Solar Leasing for Agricultural Lands
Sponsored by the Agricultural and Food Law Consortium
Much like wind power, solar power is rapidly growing across the United States. And just as with wind power, agricultural landowners are being approached with solar power leases to provide the land for these renewable energy projects. Solar leases are often unlike anything agricultural landowners have encountered before – even wind energy leases – and it can be difficult to know where to start in evaluating whether a solar energy lease is right for your farm or ranch operation. This webinar will take some of the mystery out of what is required for a successful solar energy project, what terms often appear in a solar energy lease, and how to evaluate the impact a solar project may have on agricultural land uses. The seminar will include checklists and ideas to help participants evaluate leases and will also introduce the National Agricultural Law Center’s new Solar Energy Leasing Guide
Time and Date:
Wednesday, April 4th, 2018
12:00 – 1:00 (EDT)
This webinar is offered free of charge and is limited to the first 100 registrants. It is recommended that you test your computer for software compatibility prior to the webinar by clicking here.
There is no pre-registration for this webinar. To enter the webinar, simply click here shortly before it begins.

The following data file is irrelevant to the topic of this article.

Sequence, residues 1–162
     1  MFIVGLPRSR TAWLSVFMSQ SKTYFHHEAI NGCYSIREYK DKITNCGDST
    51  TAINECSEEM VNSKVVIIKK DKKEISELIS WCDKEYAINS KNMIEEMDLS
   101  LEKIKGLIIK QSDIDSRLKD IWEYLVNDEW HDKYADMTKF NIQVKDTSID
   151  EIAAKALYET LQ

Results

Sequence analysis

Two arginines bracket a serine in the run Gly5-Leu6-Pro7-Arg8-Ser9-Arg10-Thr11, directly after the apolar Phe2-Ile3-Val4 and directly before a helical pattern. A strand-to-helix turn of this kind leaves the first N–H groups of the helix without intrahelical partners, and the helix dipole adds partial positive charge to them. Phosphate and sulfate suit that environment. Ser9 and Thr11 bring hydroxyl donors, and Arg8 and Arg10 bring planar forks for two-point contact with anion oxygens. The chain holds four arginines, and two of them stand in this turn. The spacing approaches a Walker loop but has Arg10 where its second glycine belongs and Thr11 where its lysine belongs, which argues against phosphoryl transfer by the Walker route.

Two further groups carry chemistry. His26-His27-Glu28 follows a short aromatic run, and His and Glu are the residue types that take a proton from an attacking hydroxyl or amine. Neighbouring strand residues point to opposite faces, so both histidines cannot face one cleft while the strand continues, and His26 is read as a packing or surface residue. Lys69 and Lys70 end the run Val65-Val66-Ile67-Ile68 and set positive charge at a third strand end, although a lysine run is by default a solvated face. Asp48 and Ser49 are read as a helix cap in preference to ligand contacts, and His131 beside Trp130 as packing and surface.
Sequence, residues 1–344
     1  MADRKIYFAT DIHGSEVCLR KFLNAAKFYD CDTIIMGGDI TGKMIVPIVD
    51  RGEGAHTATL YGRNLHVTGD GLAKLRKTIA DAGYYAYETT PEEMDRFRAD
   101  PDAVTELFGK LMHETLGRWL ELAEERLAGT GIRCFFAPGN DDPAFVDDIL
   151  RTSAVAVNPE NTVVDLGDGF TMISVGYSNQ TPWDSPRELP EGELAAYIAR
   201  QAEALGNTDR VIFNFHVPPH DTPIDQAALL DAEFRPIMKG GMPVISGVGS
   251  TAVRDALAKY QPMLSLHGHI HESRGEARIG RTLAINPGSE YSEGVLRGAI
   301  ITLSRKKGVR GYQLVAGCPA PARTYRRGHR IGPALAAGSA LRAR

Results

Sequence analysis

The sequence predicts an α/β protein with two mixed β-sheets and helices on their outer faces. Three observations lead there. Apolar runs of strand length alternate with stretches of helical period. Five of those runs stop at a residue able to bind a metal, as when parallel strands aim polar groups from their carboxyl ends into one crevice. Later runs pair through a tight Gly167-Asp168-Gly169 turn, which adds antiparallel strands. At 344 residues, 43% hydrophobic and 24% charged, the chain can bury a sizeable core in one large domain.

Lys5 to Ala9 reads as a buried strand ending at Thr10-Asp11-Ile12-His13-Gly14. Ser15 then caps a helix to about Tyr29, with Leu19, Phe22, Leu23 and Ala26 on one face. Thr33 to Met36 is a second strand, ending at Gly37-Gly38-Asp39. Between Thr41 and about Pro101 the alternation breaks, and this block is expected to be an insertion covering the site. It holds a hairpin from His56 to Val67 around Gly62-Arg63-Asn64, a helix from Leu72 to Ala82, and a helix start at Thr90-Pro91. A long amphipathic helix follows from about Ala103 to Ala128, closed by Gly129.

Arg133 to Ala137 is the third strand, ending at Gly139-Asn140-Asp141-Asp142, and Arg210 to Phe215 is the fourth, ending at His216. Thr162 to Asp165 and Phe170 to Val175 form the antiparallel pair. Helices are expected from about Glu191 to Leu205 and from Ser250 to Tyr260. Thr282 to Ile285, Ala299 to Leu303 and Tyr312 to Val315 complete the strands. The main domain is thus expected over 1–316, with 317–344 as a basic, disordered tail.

Dr. Shannon Ferrell
Oklahoma State University
Dr. Ferrell is an associate professor in the Oklahoma State University Department of Agricultural Economics. Since joining Oklahoma State University, he has provided over 300 extension seminars and workshops throughout North America with a cumulative audience in excess of nearly 19,000 while authoring over fifty extension publications, including five books and numerous journal articles. His extension activities encompass all areas of agricultural law, and he also teaches the agricultural law courses at both Oklahoma State University and the University of Oklahoma College of Law. He served as president of the Oklahoma Renewable Energy Council in 2006 and helped establish the Hall Estill firm’s Renewable Energy Practice Group before joining OSU in the summer of 2007. He continues to work with the wind energy industry, helping landowners negotiate wind energy development agreements and assisting with the development of legislation for the industry. He served as one of the principal drafters for the Oklahoma Wind Energy Development Act, the Oklahoma Airspace Severance Restriction Act, and the Exploration Rights Act of 2011. Dr. Ferrell currently serves as the Agricultural representative on the Oklahoma Environmental Quality Board.
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